I recently read W. Goldman’s The Princess Bride and started thinking about Bella’s Syndrome. While this Syndrome is very annoying, I also read J. Green’s Looking for Alaska after which broadened my thinking into “Why is the most interesting character almost never the narrator?”
Bella’s Syndrome describes characters who have no hobbies, no skills, nothing interesting except their boyfriend, who has amazing qualities and in reality would not stay with the Bella. It is named after Bella Swan from Twilight, whose outstanding Bellaness raised awareness of this syndrome.
The Princess Bride’s protagonist is Buttercup, a farmer’s daughter who has a mild interest in her horse, named Horse by her and of course, an immeasurable amount of love for Westley.
Westley, is The Perfect Man, funny, clever, swashbuckling, p-e-r-f-e-c-t. Why the hell does he love Buttercup?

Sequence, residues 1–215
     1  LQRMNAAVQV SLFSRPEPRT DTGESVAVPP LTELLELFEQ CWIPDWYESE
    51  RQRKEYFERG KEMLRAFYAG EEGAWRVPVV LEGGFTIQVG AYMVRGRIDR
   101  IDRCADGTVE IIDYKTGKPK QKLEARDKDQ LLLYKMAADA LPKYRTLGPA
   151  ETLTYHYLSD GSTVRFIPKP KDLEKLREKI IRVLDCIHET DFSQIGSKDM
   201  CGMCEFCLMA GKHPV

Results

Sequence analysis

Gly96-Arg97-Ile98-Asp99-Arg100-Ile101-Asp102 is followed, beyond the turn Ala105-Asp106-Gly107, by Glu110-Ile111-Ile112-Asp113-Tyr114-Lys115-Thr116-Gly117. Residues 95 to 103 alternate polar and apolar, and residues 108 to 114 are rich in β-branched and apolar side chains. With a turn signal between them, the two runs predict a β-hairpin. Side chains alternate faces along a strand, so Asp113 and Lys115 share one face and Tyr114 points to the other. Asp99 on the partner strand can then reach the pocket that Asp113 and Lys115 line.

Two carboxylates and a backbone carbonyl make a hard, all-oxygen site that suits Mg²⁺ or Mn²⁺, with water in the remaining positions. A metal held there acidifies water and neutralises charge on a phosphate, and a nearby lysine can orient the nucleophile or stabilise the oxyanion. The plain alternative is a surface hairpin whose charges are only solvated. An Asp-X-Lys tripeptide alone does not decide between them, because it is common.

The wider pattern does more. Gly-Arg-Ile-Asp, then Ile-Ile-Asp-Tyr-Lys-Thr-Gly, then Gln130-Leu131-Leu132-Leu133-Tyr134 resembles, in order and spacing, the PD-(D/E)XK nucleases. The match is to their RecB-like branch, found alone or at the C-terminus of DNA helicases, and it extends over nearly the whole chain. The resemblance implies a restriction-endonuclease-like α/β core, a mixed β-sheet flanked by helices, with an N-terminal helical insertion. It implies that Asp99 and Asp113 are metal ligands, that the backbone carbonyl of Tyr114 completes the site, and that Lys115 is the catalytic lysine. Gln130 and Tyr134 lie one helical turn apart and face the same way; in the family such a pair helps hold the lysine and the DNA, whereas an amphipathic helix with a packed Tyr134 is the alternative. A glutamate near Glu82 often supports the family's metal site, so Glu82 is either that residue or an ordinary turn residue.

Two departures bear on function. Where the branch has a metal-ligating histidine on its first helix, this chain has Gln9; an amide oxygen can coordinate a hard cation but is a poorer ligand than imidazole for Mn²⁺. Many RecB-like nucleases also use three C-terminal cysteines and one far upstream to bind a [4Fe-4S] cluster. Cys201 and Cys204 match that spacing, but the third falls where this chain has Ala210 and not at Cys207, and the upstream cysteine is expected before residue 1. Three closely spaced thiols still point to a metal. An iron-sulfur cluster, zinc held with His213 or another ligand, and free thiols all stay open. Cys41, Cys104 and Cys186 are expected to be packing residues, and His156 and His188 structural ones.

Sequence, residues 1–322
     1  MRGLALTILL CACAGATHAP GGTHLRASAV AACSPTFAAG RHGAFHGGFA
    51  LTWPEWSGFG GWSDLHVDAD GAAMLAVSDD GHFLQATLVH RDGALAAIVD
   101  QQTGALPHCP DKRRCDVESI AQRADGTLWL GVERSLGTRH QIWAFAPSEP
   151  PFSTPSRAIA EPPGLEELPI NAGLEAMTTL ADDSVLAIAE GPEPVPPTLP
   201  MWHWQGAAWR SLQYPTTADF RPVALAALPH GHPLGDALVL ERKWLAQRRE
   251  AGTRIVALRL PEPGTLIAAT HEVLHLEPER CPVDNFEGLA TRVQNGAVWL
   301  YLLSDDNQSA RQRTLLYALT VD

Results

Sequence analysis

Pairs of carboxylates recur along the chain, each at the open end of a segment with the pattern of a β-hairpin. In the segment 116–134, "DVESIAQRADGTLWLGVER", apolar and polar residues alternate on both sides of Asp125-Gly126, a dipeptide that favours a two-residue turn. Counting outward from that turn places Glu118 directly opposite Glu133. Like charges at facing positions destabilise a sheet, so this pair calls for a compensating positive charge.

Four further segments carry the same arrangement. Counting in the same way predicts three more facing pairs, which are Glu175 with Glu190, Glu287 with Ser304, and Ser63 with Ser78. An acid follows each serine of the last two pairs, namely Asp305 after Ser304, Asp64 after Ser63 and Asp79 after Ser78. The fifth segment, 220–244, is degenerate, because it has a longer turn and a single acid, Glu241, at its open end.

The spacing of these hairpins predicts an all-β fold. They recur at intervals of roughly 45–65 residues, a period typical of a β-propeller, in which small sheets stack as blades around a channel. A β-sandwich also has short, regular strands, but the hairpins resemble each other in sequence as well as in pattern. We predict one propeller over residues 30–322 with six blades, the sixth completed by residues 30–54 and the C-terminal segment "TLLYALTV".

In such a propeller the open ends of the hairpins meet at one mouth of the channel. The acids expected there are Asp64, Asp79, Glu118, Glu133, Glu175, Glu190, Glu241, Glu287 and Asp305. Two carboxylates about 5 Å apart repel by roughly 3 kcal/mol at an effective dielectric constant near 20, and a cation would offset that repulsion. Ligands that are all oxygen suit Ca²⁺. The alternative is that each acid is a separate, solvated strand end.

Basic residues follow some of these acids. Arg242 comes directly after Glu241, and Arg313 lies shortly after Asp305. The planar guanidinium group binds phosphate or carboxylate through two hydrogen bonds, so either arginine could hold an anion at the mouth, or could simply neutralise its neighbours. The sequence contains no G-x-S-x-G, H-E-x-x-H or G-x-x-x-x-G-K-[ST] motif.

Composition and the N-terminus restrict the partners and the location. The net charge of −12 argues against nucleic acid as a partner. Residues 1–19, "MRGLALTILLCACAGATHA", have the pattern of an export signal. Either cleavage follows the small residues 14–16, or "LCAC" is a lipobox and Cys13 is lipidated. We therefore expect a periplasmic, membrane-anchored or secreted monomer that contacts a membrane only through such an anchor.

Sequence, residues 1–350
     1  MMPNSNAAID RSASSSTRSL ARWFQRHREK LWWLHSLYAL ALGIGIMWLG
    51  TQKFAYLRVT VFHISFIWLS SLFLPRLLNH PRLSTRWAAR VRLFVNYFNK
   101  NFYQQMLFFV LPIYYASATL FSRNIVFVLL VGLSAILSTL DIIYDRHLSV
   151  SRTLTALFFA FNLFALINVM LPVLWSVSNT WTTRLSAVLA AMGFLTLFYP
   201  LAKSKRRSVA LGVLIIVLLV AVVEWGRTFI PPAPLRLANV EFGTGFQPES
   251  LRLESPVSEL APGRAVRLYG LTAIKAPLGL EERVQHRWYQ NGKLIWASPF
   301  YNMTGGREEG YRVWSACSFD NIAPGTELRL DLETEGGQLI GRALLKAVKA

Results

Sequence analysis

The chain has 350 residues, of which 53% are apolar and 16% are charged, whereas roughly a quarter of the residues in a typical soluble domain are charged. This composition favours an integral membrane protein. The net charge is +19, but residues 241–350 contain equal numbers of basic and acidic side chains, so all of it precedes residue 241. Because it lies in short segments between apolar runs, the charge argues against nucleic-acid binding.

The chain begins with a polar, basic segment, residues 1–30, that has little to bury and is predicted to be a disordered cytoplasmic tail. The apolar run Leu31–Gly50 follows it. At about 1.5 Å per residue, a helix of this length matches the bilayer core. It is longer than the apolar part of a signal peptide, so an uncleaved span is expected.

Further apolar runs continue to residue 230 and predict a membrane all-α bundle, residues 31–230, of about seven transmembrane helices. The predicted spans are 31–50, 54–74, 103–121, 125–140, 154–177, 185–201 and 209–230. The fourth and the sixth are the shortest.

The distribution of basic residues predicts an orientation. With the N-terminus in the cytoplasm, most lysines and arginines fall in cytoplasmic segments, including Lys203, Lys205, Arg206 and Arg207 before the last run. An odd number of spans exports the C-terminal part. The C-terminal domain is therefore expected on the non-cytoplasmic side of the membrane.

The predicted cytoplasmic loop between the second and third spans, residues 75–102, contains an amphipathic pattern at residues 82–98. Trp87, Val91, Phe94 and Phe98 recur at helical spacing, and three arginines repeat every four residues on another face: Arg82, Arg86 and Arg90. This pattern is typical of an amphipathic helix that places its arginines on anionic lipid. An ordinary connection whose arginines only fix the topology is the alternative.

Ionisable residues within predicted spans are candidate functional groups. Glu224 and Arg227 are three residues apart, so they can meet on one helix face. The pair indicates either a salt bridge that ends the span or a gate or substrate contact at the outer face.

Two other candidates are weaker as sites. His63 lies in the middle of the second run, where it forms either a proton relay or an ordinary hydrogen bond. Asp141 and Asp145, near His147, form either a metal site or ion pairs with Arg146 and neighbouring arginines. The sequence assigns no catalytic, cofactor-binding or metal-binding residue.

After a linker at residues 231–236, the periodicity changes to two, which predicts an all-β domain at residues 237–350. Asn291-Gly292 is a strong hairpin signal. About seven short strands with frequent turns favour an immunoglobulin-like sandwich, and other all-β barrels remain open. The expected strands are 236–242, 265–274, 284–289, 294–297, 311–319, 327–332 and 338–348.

In reality, who we love is determined by our brain chemistry, or if you’re more religious, our Significant Other was once a part of us, separated by a vengeful Zeus. The two extremes, usually one quiet the other outgoing, are attracted to each other while those in the middle tend to attract others like themselves.
But this alone cannot account for the differences in literary couples, cannot account for the Bella Syndrome. I say that the rest of the fault lies with authors, who no matter their talents, cannot create multiple living characters.